An artificial intelligence trading platform hit Reddit with a proposed class action on behalf of advertisers alleging that it has been charged for fraudulent "clicks" while promoting its business on the social media company's website, according to the suit filed in California federal court.

  • May 10, 2024

    Texas Judge Sanctions Atty The Cost Of Plane Ticket To DFW

    A Texas federal judge sanctioned an attorney in the amount of the approximate cost of a last-minute flight from Los Angeles to Dallas-Fort Worth, saying in a show cause hearing Friday that he doesn't "know how you do things in LA" after the attorney didn't show up following a court order.

  • May 10, 2024

    Adviser's 'Rogue' Trading Cost Investor $700K, Suit Says

    An attorney nearing retirement has filed suit against a former UBS investment adviser, alleging he lost over half of a $1.2 million nest egg after the adviser surrendered his broker licenses and started "rogue" trading in risky commodities investments.

  • May 10, 2024

    Retail Group Opposes $1B Arbitral Award Against Walgreens

    An advocacy group for the retail industry is backing Walgreens as it looks to set aside a nearly $1 billion arbitral award in a dispute with a COVID test maker, telling a Delaware federal judge that judicial intervention is warranted in this case.

  • May 10, 2024

    Okla. Tells Justices 10th Circ. Wrong On PBM Law

    Oklahoma's insurance department Friday asked the U.S. Supreme Court to take up its petition seeking review of a Tenth Circuit decision overturning portions of a state law regulating pharmacy benefit managers, arguing that high court intervention is needed to resolve disagreement among the circuits on federal preemption.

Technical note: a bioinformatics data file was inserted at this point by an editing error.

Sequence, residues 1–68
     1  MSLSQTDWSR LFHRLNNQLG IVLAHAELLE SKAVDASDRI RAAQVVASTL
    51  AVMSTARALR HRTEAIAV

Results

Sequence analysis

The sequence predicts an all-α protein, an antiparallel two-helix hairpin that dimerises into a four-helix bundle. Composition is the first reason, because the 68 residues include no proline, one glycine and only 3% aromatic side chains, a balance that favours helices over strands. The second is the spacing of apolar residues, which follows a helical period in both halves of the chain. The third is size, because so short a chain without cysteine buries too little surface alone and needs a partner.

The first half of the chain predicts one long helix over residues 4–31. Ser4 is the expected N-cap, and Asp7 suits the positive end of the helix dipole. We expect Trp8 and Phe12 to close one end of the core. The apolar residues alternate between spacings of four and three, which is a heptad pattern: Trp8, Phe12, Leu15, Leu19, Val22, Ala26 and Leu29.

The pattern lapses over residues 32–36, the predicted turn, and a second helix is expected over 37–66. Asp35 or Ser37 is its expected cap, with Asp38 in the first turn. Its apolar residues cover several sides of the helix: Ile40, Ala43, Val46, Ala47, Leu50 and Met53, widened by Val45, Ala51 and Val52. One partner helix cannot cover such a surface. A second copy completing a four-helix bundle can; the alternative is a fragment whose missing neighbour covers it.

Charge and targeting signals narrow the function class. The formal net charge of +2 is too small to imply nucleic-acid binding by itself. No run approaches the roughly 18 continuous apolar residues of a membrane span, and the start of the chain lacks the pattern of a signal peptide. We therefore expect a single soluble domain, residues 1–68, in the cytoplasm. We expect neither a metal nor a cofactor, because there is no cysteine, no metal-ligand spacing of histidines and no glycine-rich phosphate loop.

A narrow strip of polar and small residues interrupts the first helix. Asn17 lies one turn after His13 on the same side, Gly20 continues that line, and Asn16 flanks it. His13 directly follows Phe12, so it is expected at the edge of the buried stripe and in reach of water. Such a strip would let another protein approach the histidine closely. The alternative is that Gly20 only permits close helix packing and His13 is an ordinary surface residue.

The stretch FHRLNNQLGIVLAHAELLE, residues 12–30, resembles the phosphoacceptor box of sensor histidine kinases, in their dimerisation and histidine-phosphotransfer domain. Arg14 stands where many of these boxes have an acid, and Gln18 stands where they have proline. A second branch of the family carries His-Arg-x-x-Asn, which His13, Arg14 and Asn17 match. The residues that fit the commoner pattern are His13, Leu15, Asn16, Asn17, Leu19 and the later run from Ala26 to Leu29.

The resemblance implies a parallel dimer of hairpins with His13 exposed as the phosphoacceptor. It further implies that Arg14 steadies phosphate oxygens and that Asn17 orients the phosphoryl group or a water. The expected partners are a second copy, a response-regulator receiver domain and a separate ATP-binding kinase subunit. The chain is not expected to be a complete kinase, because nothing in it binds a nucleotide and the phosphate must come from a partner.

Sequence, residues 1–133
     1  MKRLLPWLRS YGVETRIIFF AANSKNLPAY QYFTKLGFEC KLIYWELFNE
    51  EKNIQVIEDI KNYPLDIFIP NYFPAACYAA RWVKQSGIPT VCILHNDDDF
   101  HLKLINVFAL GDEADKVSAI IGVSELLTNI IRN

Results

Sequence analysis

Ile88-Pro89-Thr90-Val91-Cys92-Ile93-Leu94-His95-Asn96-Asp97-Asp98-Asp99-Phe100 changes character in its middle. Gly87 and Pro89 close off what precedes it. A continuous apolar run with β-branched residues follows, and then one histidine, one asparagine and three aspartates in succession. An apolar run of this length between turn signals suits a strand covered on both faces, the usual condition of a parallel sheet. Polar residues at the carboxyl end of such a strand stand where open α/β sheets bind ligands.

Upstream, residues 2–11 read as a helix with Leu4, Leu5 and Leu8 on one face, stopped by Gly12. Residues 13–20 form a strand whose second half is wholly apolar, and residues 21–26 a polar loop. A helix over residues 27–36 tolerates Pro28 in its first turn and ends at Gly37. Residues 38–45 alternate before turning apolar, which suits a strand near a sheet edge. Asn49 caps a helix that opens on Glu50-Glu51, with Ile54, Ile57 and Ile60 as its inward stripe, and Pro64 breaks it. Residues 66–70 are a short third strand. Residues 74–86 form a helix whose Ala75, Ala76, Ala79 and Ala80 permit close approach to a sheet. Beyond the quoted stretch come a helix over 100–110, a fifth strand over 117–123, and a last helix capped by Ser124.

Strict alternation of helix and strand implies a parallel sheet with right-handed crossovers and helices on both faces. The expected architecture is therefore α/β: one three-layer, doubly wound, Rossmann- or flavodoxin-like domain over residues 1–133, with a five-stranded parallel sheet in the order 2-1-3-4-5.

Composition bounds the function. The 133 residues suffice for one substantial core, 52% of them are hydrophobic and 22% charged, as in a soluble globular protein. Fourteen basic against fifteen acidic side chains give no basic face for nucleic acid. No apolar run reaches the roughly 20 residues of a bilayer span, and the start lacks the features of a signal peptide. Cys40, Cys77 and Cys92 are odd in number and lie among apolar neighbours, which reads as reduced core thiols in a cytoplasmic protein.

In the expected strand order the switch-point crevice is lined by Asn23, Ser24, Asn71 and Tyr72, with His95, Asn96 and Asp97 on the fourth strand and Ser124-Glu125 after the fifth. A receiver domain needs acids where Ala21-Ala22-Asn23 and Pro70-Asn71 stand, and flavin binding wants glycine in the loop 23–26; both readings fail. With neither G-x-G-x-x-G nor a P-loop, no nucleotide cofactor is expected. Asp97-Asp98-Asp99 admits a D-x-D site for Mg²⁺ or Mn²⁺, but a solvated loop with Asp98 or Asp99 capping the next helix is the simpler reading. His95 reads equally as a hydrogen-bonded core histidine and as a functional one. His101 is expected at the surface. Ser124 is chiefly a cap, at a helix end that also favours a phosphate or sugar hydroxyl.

• May 10, 2024

    Colo. Investor Says Fox Rothschild Atty's Missteps Cost $3M

    One of three investors behind a Colorado development has filed suit against Fox Rothschild LLP and an attorney in state court, alleging that the attorney's failures led the entity to lose upwards of $3 million when a relationship with the fellow investors soured.

  • May 10, 2024

    Ex-Manager Of Lindberg-Tied Co. Sues Over Abrupt Ouster

    The former head of a European IT business with ties to beset insurance mogul Greg Lindberg has claimed in a case now in the North Carolina Business Court that he was suddenly sacked, denied a payout and stripped of his shares based on bogus allegations of bad job performance and unprofessional conduct.

  • May 10, 2024

    Everton Accepts Two-Point Penalty Over Financial Breaches

    Everton Football Club said Friday it will not fight the decision by the Premier League Independent Commission to impose a two-point deduction for its violation of the league's rules regarding financial viability, as the team faces a potential sale.

  • May 10, 2024

    1st Circ. Fast-Tracks DraftKings Noncompete Feud

    The First Circuit on Friday granted a former DraftKings executive's request to expedite his appeal of a Boston federal judge's ruling that blocked him from doing similar work in the U.S. for rival Fanatics. 

Expert Analysis